Florida Man Pleads Guilty In Manhattan Federal Court To Defrauding Investors In Multiple Securities Fraud Schemes
Preet Bharara, the United States Attorney for the Southern District of New York, announced that STEVEN STALTARE pled guilty today to defrauding investors in connection with two fraudulent investment schemes. STALTARE’s first scheme involved defrauding investors in connection with the transfer of stock in Dematco, Inc. (“Dematco”). STALTARE’s second scheme involved defrauding investors in connection with soliciting investment in various stocks, including Dematco, Preventia, Inc. (“Preventia”), First Choice Healthcare Solutions, Inc. (“First Choice”), and Savtira Corporation (“Savtira”). STALTARE admitted misleading investors in connection with both schemes by making numerous false statements and misrepresentations and by misappropriating investment funds for his own personal use. STALTARE was arrested on August 8, 2013, and pled guilty today to a four-count Indictment before U.S. District Judge George B. Daniels.
STALTARE was previously convicted of securities fraud in United States v. Herbert Cannon et al., 04 Cr. 842 (GBD), in the Southern District of New York. STALTARE was sentenced to 32 months in prison by Judge Daniels in connection with his prior conviction.
Manhattan U.S. Attorney Preet Bharara stated: “Steven Staltare purported to offer investment opportunities, but was instead engaged in a shell game where he failed to pay for securities he purchased from one victim and offered them as collateral for a loan he secured from another victim whom he never repaid. He also took hundreds of thousands of dollars from other investors and never invested it as promised, instead using the money for himself. Now, having admitted his crimes, he stands to pay for them with his liberty.”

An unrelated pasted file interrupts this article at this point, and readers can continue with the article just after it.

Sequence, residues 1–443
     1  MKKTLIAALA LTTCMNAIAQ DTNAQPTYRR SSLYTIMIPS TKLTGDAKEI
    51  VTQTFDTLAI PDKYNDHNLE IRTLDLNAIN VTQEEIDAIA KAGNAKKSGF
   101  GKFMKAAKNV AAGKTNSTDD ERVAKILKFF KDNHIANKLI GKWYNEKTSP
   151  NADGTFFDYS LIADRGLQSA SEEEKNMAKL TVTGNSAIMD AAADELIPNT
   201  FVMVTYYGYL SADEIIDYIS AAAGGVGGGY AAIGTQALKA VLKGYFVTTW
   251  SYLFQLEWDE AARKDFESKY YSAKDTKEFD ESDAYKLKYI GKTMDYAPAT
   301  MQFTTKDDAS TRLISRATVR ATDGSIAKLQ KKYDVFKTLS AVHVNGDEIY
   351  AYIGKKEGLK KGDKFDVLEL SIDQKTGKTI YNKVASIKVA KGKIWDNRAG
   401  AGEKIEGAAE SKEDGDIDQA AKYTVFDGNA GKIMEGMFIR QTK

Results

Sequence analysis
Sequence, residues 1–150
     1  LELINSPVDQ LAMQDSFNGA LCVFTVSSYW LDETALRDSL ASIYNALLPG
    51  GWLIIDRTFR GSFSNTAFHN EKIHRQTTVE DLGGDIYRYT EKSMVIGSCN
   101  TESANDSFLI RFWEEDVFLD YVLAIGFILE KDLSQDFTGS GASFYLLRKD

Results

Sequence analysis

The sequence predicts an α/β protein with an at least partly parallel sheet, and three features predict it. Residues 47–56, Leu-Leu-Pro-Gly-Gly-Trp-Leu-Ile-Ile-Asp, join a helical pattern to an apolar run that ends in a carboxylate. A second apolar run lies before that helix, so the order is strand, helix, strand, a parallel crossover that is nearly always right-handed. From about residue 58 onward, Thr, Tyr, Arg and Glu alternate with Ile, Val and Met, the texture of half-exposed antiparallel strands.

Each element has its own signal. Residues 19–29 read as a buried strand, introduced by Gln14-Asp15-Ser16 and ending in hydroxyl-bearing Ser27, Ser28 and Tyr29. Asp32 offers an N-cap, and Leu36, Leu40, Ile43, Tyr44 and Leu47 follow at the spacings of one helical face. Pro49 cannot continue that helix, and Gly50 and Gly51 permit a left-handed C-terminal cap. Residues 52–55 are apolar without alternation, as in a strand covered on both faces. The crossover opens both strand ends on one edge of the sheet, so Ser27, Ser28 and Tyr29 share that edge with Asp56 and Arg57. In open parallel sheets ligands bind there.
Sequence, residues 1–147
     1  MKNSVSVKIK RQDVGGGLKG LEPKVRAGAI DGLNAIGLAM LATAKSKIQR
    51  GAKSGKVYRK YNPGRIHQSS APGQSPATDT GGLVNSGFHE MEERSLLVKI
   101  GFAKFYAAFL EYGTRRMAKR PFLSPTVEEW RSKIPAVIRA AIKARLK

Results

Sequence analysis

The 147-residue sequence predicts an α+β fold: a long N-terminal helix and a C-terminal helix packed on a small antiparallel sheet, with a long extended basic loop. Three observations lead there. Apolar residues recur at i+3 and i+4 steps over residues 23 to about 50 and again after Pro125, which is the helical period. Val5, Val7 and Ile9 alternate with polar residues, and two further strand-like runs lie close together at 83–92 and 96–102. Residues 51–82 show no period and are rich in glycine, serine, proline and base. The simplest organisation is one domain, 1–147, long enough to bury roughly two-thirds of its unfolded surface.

According to the allegations contained in the Indictment, the underlying criminal Complaint unsealed on August 7, 2013, and statements made during court proceedings:
First, from at least 2011 through 2012, STALTARE defrauded two investors (“Victim-1” and “Victim-2,” respectively) in connection with the transfer of shares of Dematco stock. In late 2011, STALTARE approached Victim-1 and asked Victim-1 to transfer hundreds of thousands of shares of Dematco stock that Victim-1 owned to a “partner” of STALTARE in exchange for $70,000 in cash. Victim-1 agreed to turn over his shares in Dematco in exchange for $70,000. At approximately the same time, STALTARE and another individual (“Partner-1”) approached Victim-2 and asked Victim-2 to loan them approximately $150,000 so that STALTARE could purchase shares of Dematco stock. STALTARE and Partner-1 promised Victim-2 that he would be paid $200,000 in three weeks and that Victim-2 would receive approximately 1/3 of the profits from the eventual sale of Dematco stock. Victim-2 was also promised that he would receive Dematco stock certificates as collateral for this loan. Based upon these representations, Victim-2 agreed to make this $150,000 loan to STALTARE and Partner-1. After Victim-2 made this loan, STALTARE provided Victim-2 with stock certificates that had been provided to STALTARE by Victim-1. Ultimately, STALTARE did not provide Victim-1 with the $70,000 that he had promised to pay in exchange for Victim-1’s shares of Dematco, nor did STALTARE provide Victim-2 with any repayment for the $150,000 loan or any profits from any sale of Dematco stock. In reality, STALTARE transferred Victim-1’s shares in Dematco to Victim-2 without compensating Victim-1, and misappropriated the funds provided by Victim-2 for STALTARE’s own personal benefit.